Monday, May 4, 2020

The day Tasmania almost toppled New South Wales

Photo:  My match report of the game in The Mercury

One of the finest games played by a Tasmanian State team occurred on Sunday, 5 June 1994, at South Hobart.

It was Tasmania versus New South Wales and the home team gave the visitors an almighty fright.

After being 1-1 at half-time, Tasmania led New South Wales 4-1 after 62 minutes and one of the biggest upsets in interstate football was on the cards.

In the 63rd minute, New South Wales coach Rale Rasic, the former Socceroos supremo, made a substitution that turned the game.

Rasic replaced Brad Maloney with Vlado Zoric and he hit a hat-trick as New South Wales ran out 5-4 winners.

I still talk to Rasic about that game and he, in turn, reminisces with Zoric, the player who turned almost certain defeat into victory with less than half an hour to play.

That Tasmanian side, coached by Devonport's Alec MacDonald, had performed well in 1993 in games against Japanese J-League club Nagoya Grampus Eight, Victoria and Heidelberg.

Nagoya Grampus Eight, complete with England star Gary Lineker, had won 3-0 at North Hobart, while Victoria had scraped home 2-1 at South Hobart.

Heidelberg, for whom Tasmanian David Clarkson was playing, won 3-0 at KGV Park.

The Tasmanian and New South Wales line-ups were:

Tasmania:  Bob Smith  -  Frank Genovesi, Wayne Boyd, John 'Snow' Compagne, Adrian Mann  -  Anthony Guilbert, Craig Nichols, Ian Parker, Brett Murtagh  -  Craig Pitt, Colin Shepherd  (Subs:  Peter Schwarz, Michael Lapolla, Matthew Wilson, Andrew Joseph)

NSW:  Mike Gibson  -  Robert Stanton  -  Matthew Bingley, Nick Orlic  -  Dave Barrett, Brad Maloney, John Gibson, Gabriel Mendez, Gary Van Egmond  -  Marshall Soper, Rod Brown  (Subs:  Frank Mikuletic, Peter Tsekenis, George Souros, Vlado Zoric, Ufuk Talay, Michael Reda)

Tasmania showed they meant business from the start and with a mere 10 minutes gone had come close twice as Guilbert fired into the side-netting and  Nichols chipped just wide.

Midway through the first half, Pitt released Shepherd, who was denied when sweeper-keeper Mike Gibson cleared the ball.

On the half-hour, a high ball into the box by Compagne found Guilbert, who was foiled by Gibson, who conceded a corner.

New South Wales took the lead in the 32nd minute when Brown rolled the ball into an empty net after a long run down the right and cut-back by Barrett.

Two minutes later, Tasmania were level when Nichols set up Murtagh, whose deflected shot off Orlic beat keeper Gibson.

NSW hit back as Brown's effort was deflected over the bar by Boyd and Genovesi saved on the line from Van Egmond after a corner.

A long ball out of defence in the 39th minute by Mann put Shepherd through, but he was thwarted by keeper Gibson.

The half ended with Brown going close for NSW after a one-two with Barrett.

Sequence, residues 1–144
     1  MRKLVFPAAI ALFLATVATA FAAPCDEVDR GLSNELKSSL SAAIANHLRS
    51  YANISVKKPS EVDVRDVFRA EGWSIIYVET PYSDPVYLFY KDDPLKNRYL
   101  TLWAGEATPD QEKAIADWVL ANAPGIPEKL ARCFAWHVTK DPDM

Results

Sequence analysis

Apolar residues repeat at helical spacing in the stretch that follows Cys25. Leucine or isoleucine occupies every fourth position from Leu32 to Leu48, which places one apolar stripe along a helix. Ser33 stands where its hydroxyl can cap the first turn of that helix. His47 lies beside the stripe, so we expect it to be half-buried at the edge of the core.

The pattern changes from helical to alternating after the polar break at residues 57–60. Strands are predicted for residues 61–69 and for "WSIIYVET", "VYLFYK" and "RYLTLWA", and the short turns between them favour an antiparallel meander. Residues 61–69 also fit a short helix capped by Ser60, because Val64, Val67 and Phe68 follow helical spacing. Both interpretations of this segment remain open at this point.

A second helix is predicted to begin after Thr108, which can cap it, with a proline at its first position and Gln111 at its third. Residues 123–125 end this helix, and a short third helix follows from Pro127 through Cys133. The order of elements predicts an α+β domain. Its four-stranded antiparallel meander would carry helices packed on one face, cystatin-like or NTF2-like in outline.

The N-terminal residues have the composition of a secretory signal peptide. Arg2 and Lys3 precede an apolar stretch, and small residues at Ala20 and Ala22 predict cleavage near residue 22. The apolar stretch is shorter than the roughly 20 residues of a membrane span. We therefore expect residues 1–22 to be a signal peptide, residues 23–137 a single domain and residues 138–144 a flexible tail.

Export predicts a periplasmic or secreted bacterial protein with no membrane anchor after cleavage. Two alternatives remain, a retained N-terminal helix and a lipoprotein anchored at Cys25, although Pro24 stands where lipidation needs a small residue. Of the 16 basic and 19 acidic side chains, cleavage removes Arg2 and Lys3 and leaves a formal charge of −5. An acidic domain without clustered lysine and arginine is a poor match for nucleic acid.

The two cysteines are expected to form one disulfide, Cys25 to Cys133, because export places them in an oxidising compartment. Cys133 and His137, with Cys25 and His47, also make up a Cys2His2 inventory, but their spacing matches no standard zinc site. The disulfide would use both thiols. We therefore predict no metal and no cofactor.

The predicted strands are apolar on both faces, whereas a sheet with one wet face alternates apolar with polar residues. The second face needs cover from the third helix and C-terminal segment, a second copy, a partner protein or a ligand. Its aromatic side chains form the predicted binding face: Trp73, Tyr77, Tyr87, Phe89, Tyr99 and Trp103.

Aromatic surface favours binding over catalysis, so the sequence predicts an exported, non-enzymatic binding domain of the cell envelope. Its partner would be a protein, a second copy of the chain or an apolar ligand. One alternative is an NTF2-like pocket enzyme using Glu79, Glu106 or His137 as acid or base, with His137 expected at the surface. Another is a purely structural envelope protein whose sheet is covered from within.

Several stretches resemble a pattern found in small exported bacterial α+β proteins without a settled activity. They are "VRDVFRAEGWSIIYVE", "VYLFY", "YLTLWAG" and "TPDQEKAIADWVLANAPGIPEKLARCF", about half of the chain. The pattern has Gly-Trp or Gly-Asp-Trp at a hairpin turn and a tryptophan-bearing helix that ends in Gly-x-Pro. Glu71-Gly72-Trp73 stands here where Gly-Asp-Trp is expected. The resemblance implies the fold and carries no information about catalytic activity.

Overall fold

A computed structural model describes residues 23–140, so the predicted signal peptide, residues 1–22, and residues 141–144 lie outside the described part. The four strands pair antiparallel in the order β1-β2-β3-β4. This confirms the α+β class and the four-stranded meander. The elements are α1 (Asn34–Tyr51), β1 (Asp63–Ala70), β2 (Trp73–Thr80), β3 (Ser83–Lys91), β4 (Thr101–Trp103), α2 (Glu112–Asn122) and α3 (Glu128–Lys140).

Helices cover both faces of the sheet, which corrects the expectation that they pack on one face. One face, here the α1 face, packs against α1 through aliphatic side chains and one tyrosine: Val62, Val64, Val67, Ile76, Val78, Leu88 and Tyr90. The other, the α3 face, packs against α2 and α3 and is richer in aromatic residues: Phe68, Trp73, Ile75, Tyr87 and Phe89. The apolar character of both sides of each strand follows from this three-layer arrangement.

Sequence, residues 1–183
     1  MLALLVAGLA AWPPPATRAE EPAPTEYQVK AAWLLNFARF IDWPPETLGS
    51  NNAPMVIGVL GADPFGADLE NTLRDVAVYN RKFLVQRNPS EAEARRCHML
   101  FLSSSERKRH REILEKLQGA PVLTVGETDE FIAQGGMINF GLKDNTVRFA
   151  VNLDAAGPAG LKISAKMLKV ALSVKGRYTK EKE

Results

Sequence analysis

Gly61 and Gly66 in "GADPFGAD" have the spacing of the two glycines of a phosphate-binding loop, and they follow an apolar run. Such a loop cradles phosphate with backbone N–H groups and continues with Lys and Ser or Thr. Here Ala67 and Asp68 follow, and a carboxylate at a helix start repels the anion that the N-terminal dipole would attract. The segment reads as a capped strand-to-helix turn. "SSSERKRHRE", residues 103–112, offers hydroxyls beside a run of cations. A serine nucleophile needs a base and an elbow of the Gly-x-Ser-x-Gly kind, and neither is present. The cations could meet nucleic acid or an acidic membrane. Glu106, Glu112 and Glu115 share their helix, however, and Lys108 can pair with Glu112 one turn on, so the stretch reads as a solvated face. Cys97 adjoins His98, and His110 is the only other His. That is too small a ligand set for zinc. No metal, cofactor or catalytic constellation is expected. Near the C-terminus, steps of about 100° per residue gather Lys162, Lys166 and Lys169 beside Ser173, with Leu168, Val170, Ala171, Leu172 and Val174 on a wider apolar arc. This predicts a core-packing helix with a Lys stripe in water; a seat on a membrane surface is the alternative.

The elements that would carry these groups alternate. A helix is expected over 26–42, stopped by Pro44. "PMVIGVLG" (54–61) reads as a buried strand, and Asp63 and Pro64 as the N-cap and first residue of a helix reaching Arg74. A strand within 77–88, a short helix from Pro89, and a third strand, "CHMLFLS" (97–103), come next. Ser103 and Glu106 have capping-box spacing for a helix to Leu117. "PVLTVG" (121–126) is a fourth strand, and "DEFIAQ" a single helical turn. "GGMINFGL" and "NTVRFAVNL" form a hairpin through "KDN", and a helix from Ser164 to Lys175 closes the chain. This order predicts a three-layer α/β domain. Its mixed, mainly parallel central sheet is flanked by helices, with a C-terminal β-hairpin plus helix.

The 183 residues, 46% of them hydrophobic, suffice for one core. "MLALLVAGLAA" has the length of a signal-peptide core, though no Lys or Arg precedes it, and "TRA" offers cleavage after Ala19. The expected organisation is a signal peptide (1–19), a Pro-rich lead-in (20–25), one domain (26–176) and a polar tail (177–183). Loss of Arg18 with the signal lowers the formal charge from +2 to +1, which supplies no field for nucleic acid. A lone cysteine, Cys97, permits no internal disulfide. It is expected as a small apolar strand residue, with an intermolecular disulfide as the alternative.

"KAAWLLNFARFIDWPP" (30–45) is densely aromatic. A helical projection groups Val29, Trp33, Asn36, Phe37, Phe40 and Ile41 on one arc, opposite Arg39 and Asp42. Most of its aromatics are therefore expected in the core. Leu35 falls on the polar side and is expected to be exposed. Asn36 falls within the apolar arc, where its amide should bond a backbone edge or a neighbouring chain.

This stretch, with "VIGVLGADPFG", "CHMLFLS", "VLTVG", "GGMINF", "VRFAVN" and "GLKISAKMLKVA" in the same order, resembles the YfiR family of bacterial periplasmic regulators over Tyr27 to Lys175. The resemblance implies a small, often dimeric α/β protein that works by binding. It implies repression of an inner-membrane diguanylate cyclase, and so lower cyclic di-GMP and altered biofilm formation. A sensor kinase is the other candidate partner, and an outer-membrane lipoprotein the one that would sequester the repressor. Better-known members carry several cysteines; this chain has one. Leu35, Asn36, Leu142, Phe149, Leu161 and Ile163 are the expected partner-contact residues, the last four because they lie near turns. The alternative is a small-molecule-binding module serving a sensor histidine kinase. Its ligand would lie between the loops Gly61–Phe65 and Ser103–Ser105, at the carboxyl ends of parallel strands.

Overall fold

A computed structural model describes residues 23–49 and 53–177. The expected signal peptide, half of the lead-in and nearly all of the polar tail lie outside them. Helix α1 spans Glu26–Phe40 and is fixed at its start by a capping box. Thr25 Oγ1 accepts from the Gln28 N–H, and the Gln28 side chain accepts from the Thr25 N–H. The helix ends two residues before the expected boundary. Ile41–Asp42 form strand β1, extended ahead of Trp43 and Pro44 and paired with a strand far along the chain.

Shepherd fired tamely at the keeper just after the resumption, but Tasmania took the lead in 50th minute through a Compagne penalty, awarded when Bingley handled.

Guilbert made it 3-1 for the home side in the 58th minute after Nichols's tantalising cross into the box, while in the 62nd minute, a deflected shot by Murtagh, from Shepherd's pass, gave Tasmania an unbelievable 4-1 lead with less than half an hour to play.

That's when Zoric came on for the visitors.  Brown netted his second with a magnificent 35-metre shot a minute later to make it 4-2, while Zoric scored his first from a Mendez cross in the in the 68th minute to take the score to 4-3.

In the 75th minute, Zoric's deflected shot made it 4-4.

Nichols was desperately unlucky when he scraped the post with a shot in the 82nd minute, but NSW hit back a minute later when Zoric ran onto a through ball to score and give NSW a 5-4 win.

It's unlikely we'll ever see a score-line such as that again in a Tasmanian representative game.


Anonymous said...

Fantastic article Walter, shows how great the players in the state used to be as it was such a higher standard than it is today, that NSW team has so many fantastic players who played at a higher level

Paul Enkelaar said...

Wow, times have certainly changed. You don't hear about through balls to Sheppy anymore - they most definitely have to be to feet! And what is Pitty doing playing up front!?

Oxford said...

I remember the game well Sheppy turned up wearing corduroy pants and jacket with elbow patches and proceeded to play a blinder, so much so that Matthew Bingley got into him about going over to Sydney United with him.
And Pitty up front? From memory during state trials McDonald was telling Dags that he would be playing fullback to which Richard (as one of the leading marksmen year in year out) quite rightly couldn't fathom and may have done a walk out?

Anonymous said...

Shepherd was a genuine star of Tasmanian soccer.

If we were governed better we would have a Tasmanian soccer hall of fame. Shepherd would sit easily with the states greatest players.

Reminiscing over your recent articles makes me feel the present standard of the local game and administration is well behind what could be achieved.